The Lockdown gets its own chapter. Clearly the influence of 10th Planet stylists have necessitated the need for everyone else to learn how to pass this most frustrating of half guard positions. Schreiner uses one concept but shows two or three minor variations based around the same pinning concept to extract your leg safely.

Passing the Butterfly and Half Butterfly guard follow and there are 8 chapters dedicated to it. By now many of the same aspects of the pressure passing concept become familiar as they are repeated for each. One of these is the notion of shoulder line. It's important to keep your shoulder line at the same level more or less as your opponent. Too high or too low and you cannot exert the top pressure required to succeed in these passes.

Passing butterfly guard

It would be fantastic to see in more detail, how Schreiner deals with other common guards, especially de la Riva guard, spider guard, x-guard and similar 'long-range systems' where acquiring upper body control is a bit more tricky. He does touch on this during a couple of the chapters where he suggests you have to force your opponent into butterfly guard, which you can then proceed into passing using his methods. With this in mind, I did really like the Butterfly Folding Pass, I like that idea of floating above your opponent's open guard just enough to prevent him extending you away. I liked the concept of waiting for his knee to pass the centre line before you attempted to pass.

I'm glad the single leg X-guard pass is included. This position is very popular in the gym I train at as a lot of the blue belts and above like to sweep, transition and foot lock from here.

One curious consequence of watching this DVD is that you will start to see things around you in terms of intersecting lines, zones and grids. The way Schreiner describes technique and concept is very scientific, it's like your opponent is not a person, but an infographic diagram full of arrows, dashed lines and annotated notes giving directions and theoretical principles. At least it did with me...and that's a good thing because it made me analyse and re-think a lot of things I struggle with when passing guard.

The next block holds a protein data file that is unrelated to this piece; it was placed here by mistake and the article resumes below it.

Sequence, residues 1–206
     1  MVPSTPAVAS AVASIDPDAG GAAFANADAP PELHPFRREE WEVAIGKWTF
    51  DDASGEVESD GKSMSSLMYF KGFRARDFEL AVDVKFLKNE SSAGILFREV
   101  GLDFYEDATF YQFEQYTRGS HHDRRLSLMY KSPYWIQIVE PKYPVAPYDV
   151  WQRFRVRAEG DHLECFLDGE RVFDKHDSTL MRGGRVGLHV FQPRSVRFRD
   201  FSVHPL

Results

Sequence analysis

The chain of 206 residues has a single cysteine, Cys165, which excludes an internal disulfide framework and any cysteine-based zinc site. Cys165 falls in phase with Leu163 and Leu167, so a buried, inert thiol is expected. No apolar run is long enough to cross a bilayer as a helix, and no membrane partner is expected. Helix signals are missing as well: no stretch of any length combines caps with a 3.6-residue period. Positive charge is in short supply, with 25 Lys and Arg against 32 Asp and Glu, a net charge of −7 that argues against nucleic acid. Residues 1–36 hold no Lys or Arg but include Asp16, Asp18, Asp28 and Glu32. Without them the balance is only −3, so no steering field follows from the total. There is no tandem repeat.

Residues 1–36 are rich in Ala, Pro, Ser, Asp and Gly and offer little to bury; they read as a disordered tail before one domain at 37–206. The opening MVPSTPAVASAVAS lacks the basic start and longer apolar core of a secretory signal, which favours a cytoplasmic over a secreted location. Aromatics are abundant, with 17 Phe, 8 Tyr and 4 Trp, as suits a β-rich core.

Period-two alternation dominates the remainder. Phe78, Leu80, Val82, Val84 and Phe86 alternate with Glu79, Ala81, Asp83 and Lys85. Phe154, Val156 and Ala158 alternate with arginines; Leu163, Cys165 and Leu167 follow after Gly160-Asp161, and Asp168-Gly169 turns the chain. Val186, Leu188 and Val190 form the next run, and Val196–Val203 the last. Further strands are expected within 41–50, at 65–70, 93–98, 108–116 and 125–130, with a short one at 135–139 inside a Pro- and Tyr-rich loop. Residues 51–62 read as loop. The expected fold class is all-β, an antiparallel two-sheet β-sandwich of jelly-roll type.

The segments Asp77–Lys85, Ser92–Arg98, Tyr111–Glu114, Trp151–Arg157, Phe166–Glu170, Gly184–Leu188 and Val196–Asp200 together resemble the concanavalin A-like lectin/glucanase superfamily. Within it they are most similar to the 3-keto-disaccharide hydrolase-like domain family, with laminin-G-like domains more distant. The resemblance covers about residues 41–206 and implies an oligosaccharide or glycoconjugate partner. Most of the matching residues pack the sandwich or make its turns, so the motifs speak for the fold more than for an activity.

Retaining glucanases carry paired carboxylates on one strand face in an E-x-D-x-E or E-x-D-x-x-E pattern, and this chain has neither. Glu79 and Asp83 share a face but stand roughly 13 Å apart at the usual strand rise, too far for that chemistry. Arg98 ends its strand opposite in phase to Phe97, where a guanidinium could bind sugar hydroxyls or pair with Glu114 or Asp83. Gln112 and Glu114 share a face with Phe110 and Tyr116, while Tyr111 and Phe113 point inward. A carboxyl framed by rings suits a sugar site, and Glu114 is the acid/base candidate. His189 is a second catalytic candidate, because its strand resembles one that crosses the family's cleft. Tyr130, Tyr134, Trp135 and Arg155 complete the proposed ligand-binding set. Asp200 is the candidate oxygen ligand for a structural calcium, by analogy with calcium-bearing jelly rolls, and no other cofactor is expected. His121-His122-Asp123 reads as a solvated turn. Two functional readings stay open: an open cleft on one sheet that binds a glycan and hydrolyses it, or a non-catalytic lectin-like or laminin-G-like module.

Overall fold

That being said, although this DVD is very detailed and extensive, it seems it only scratches the surface of the pressure based approach to guard passing and I'd love to see more! Don't get me wrong, there is a wealth of examples, more than enough to observe and begin to understand the common aspects behind the system. For me, I found the chapters on passing the half guard to be specifically helpful but the DVD overall has given me much food for thought on improving my own game in general.

I don't believe in 'advanced' BJJ, to me, it's all jiu jitsu. A beginner could quite happily watch this and I'm sure there are aspects that would be useful. In reality however, I feel this set is something that only a good blue belt and above would gain most from. The reason I say this, is because Schreiner's system requires a more nuanced understanding of position and precision, something that I feel only a more experienced grappler would have the skill level. I could be wrong, there are probably an army of white belts who are pressure passing the crap out of everyone right now and it is little old me that's the one who is playing catch up! If pressure passing is very new, then regardless of belt level, Schreiner's set requires multiple repeat viewings in order to capture all the details.

So, to conclude, this is an excellent introduction to the pressure passing system from one of the world's finest BJJ instructors. If passing guard is something you are serious about improving, then I highly recommend this set to begin. For more extensive DVDs on pressure passing, try Ryan Hall's Passing The Guard (I have this set, though not reviewed it yet. Ryan also trained with Schreiner, so there are some overlapping principles). I haven't seen them, but have heard good things about Bernard Faria's set and Rafael Lovato Junior's set.